Forgiveness

September 5th, 2012 | by Bianca Giaever (with help from Jay Allison)
photo of Hector

Hector Black

Sometimes an interview blossoms and reveals depths you couldn’t have imagined when it began. That’s how this piece by Bianca Giaever feels. It’s utterly simple: a gentle conversation outdoors with the birds in the trees, that moves into a profound story about race, family, murder, transformation… and forgiveness. Bianca spent this summer with us as an intern here at Transom, Atlantic Public Media, and WCAI. She did fine work making Sonic IDs, and we’re featuring some of them along with this remarkable story. Jay A

About Forgiveness

I stumbled upon this story on a long distance bike trip, while I was doing a radio project on veterans’ experiences at war. As you can see, this story has nothing to do with veterans or war. It just goes to show that sometimes you just need an excuse to be out there looking for stories and something wonderful will eventually pop up. We were staying the night at a gay and queer commune in rural Tennessee when someone pointed out Hector to me. They explained that Hector had forgiven the man who murdered his daughter.

As a radio producer armed with that enormous factoid, I wasn’t sure how to proceed. I’ve been living in civil society long enough to know it isn’t acceptable to approach a stranger and blurt out “Hey, I heard you forgave the man who murdered your daughter can I interview you about that?” I ended up chatting with Hector and asking him if he had a couple of hours to sit down and tell me all about his life. He was also a veteran, so I could interview him for my project as well. He’s told his story of forgiveness many times, so we transitioned into it easily.

I liked Hector’s narrative because it subtly challenged my beliefs and raised larger questions on forgiveness. I knew forgiveness was a good thing, but how far could you really take it? Weren’t some things just unforgiveable? And of course, I wondered if I would be able to do the same thing if I were in his shoes. I also love the moments in the piece when you can hear him continuing to wrestle with these questions, even after so much time has passed. I was inspired by his refusal to accept stagnancy even in old age.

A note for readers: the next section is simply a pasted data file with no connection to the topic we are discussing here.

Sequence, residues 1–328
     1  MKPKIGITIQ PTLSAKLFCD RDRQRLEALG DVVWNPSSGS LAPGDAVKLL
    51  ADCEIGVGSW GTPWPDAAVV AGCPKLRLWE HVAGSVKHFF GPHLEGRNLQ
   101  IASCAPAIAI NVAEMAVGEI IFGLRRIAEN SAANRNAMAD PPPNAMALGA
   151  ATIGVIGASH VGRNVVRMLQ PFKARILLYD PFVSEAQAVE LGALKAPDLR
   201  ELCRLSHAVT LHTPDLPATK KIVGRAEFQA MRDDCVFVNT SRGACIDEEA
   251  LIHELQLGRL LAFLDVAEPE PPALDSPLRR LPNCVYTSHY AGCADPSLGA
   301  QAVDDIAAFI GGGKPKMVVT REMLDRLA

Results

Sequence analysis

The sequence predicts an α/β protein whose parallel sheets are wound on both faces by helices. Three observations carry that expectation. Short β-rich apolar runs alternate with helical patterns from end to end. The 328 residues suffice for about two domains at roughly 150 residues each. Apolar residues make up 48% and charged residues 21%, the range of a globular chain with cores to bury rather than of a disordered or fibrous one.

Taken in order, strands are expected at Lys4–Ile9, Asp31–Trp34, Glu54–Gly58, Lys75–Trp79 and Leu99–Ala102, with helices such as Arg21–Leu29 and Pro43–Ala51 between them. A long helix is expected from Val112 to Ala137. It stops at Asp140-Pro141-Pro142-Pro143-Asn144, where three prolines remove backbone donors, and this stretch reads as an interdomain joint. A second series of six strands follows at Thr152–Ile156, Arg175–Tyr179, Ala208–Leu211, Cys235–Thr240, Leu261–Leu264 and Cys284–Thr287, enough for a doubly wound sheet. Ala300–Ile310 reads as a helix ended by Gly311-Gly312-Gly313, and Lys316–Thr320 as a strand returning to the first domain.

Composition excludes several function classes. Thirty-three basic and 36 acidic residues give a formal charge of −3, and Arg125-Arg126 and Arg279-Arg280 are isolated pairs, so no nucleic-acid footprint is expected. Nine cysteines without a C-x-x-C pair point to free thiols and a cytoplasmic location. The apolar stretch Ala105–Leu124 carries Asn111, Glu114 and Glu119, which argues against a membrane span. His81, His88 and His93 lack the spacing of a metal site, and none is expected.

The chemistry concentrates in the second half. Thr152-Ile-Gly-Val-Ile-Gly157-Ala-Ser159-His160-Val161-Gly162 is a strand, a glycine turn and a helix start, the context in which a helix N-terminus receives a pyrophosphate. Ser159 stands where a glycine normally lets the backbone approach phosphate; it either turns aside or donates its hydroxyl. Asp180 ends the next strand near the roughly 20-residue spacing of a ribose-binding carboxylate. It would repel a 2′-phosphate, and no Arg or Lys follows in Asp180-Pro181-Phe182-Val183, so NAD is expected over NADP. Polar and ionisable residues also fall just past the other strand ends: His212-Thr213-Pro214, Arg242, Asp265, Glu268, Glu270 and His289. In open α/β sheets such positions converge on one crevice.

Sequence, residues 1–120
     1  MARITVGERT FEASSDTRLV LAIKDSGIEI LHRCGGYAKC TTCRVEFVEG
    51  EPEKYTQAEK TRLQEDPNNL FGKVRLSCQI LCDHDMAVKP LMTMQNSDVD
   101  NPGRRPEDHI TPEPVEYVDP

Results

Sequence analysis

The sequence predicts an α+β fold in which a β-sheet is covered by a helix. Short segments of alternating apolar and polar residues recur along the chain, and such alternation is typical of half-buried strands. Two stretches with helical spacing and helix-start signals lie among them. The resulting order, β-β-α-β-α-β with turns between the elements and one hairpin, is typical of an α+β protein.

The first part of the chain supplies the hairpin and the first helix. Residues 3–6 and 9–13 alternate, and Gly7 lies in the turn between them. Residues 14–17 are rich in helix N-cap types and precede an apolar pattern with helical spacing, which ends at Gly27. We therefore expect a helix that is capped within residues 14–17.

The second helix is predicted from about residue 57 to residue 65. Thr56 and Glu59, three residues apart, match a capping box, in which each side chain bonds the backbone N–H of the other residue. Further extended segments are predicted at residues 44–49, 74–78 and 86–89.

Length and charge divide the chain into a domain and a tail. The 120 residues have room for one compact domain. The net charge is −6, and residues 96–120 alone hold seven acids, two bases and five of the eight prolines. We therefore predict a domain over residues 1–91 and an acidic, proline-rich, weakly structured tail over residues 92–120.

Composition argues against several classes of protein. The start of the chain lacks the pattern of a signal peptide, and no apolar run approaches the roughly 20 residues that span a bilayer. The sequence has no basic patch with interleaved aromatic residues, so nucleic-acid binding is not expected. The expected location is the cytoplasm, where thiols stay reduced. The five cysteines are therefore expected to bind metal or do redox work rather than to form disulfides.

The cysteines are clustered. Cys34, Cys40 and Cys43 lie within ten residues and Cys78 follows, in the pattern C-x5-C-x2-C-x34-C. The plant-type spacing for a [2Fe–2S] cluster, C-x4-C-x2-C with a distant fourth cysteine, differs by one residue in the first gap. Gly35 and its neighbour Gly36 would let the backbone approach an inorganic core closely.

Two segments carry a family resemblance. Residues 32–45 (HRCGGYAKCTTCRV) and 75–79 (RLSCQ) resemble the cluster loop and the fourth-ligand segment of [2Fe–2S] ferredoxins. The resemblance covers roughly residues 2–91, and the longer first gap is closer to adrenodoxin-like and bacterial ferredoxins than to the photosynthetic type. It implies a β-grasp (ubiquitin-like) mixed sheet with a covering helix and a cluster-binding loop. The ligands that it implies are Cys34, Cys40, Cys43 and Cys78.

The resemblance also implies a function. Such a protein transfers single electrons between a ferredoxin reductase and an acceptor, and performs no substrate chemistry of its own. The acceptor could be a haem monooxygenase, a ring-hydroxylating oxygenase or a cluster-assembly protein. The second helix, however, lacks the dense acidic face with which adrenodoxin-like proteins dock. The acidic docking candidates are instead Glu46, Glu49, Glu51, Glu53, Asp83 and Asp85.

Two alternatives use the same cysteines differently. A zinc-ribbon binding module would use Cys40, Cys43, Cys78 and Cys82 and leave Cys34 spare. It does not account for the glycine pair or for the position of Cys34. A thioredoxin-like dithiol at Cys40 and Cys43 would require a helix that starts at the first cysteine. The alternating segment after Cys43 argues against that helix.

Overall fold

Gear

I’ll blame it on my young age and the bicycle I was living on, but this story wasn’t recorded as well as I wish it had been. First of all, there were hardly any quiet indoor places on the commune I could go into, so we had to do the interview outside. This meant that while Hector was contemplating the meaning of forgiveness people were talking in the background, birds were squawking, and a guy pushing a lawn mower was circling us. Because of these horrible background noises I put noise reduction on the audio while editing, a questionable decision that I’m still considering reversing in the future. Lastly, my most embarrassing tech mistake is that the audio was recorded in mp3, because the trip was long and SD card space was limited. For this interview I used an Olympus LS-10 recorder with a built in microphone. Again, I wish it had been recorded with an external mic, though at the time I probably wasn’t even aware that I should own one.